They say, “Beauty is in the eye of the beholder.” That means for interior designers, meaningfully outfitting a client’s space with art that tells an accurate story while managing the budget is of the utmost importance. Whether the wall art we choose for our design clients is a landscape, portrait or abstract in style, originality is key.
As designers, how can we push the envelope when it comes to using wall art? What’s been done before, and how can we approach taking bold risks in order to create a fresh perspective on how to use art in both residential and commercial spaces?
The fundamental way to stand out from the crowd is by including elements that allow spaces to showcase their owners’ identities. What does that mean?
In order to tell an authentic story visually through using wall and sculptural art, pieces must be at minimum one of the following: original, a direct record of an event or person related to the client, or a special piece that speaks to either designer or client within the context of the job’s design aesthetic.
Whether designers use art from a local gallery or a huge retailer, or find them by discovering one-of-a-kind gems at a large antique fair like that of Round Top, TX, the key is to create spaces with stories that are truly original.
What better way to tell a story than through a carefully curated gallery wall and strong stand-alone pieces that illustrate the identity of both client and designer?
Now that we’ve laid out the big picture, let’s take a closer look at the challenges and resources designers face in specifying wall art for our clients.
Managing our time as busy interior designers, business owners, team leaders, project managers, well… you get the idea, hardly supports the practical reality that designers should be hanging client’s art.
Most designers have made the mistake of hiring a handyman who’s marked up the client’s wall and/or used the wrong hardware to install artwork. It’s critical to an install to find a good tradesman to hang art for design jobs, who can also be referred to clients for punch list items after a new home’s purchase.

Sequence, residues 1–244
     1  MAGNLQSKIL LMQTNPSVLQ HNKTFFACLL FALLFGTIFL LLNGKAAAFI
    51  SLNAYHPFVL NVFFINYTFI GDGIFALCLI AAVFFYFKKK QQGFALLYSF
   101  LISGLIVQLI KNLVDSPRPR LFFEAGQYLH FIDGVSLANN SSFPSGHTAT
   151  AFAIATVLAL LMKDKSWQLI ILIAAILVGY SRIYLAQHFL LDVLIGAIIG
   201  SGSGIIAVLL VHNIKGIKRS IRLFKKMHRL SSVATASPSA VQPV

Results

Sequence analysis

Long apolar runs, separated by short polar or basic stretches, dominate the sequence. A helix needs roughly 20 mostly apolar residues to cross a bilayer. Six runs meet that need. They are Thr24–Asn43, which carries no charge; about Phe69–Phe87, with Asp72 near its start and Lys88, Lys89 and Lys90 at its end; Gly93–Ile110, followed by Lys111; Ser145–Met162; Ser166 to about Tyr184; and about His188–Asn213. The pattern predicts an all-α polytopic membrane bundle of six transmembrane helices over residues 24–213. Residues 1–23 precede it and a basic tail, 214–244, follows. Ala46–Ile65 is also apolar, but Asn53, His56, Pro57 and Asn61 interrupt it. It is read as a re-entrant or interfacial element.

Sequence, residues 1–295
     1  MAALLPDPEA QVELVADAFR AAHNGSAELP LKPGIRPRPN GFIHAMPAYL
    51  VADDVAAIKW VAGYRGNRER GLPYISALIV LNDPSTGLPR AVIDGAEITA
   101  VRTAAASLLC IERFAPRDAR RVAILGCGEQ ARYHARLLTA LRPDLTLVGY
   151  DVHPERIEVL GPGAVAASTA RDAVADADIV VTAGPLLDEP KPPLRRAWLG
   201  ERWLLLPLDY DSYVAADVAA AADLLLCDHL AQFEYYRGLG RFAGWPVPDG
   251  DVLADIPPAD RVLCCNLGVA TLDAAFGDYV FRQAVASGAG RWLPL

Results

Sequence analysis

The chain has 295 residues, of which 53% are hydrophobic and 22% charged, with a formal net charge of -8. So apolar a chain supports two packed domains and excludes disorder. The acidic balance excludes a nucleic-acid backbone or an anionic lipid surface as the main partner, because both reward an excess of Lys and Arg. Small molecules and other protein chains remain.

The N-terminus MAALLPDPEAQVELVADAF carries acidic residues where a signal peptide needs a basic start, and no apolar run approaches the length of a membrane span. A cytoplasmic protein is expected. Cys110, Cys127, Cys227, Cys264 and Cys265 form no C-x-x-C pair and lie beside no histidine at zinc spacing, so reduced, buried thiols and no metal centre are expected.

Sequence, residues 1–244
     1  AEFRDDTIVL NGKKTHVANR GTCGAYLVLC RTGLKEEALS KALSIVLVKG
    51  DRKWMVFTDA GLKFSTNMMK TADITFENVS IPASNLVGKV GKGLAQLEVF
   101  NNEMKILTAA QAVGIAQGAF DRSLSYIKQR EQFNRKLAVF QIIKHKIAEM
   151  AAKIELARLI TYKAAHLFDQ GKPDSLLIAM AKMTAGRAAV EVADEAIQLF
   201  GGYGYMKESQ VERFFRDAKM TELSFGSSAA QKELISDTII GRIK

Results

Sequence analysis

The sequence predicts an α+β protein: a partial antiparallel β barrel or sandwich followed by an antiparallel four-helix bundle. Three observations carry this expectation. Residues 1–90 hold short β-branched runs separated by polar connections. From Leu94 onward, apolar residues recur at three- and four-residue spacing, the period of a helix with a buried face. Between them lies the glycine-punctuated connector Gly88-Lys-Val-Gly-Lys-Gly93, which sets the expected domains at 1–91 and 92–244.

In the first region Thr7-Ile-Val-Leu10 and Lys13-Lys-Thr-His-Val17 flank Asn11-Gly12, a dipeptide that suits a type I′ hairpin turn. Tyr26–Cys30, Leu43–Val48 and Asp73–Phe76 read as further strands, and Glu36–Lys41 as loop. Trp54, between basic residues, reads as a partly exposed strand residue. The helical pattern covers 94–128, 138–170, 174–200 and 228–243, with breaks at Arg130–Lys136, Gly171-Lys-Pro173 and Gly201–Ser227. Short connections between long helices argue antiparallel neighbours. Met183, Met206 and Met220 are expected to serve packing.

One of the strongest tools to designers, after a great warehouse team, is a skilled professional who can show up to a site when needed to get the job done. Building out a list of local vendors early in a designer’s career is critical to his or her success, so be sure to keep a few good art-hanging professionals nearby!
Another major challenge in specifying art for clients is that beauty is in the eye of the beholder. Art selection is subjective and even the best designers who know their clients' well have difficulties selecting original pieces for jobs. Designers, make sure to ask good questions about what types of subject matter the client is particularly interested in before putting in the time to research pink flamingos just to find that the client had black and white photography in mind for the space.
Something I’ve found to be very freeing for both client and designer is to mix pieces. This allows for creative freedom in the interior design process, while giving the client an opportunity to integrate elements they have in mind. This scenario allows for a win-win outcome and it brings a little something for everyone to the table.